Economics Update (April-June 1998)

Atlanta Fed Economist Develops
Dynamic Forecasting Model

T he Federal Open Market Committee employs the tools of monetary policy to effectively promote the goals of maximum employment, stable prices and long-term interest rates.

Because there is a considerable lag, however, between when a policy action is taken and when it becomes measurable in the economy, it is crucial that policymakers accurately anticipate the future economy they are acting on. Unfortunately, obtaining an accurate estimation of such projections is a daunting task.

One forecasting approach, economic rules of thumb, while sometimes theoretically grounded, has not proved to provide reliable short-term predictors. Another approach, large-scale econometric models, while ambitious in scope, is often hard to evaluate because of a preponderance of data, variables, implicit assumptions and judgmental adjustments.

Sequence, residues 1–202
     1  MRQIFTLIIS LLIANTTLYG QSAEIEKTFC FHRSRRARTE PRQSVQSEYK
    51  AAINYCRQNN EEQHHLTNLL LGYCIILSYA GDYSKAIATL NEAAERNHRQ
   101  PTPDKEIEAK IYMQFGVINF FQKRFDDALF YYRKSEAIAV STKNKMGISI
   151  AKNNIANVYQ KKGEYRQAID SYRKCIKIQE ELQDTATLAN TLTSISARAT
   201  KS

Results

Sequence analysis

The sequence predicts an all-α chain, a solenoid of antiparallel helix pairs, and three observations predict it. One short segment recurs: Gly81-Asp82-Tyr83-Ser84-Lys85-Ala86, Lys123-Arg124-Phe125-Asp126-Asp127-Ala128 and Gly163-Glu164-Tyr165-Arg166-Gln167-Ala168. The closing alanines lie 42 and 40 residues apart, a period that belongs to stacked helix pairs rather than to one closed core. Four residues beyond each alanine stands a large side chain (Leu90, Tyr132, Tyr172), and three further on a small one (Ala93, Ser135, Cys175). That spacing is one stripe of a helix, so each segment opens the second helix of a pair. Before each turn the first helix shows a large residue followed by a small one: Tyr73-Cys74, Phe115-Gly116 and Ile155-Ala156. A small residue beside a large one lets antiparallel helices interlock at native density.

But a new model developed by Atlanta Fed economist Tao Zha promises to be more reliable and easier to use than these more traditional approaches. In the Atlanta Fed's Economic Review (First Quarter 1998), Zha presents his model, which represents a new class of forecasting tools called dynamic multivariate models. Because models of this type incorporate and predict only a few economic essentials, they can be independently evaluated and improved. In addition, the empirical uncertainty of forecasts can be assessed through error bands.

Zha's model employs six key macroeconomic variables, but his article focuses on the predictability of the inflation rate. The model's forecasts have proved to be reliable in periods when inflation is difficult to forecast.

Just as important, however, is how the model reacts when its forecasts are less than satisfactory. To address this concern, the model self-assesses the probability that its forecast is in error. Additionally, it quickly incorporates new information into subsequent forecasts and updates its earlier prediction. This dynamic quality makes Zha's model a promising forecasting tool for monetary policymakers.

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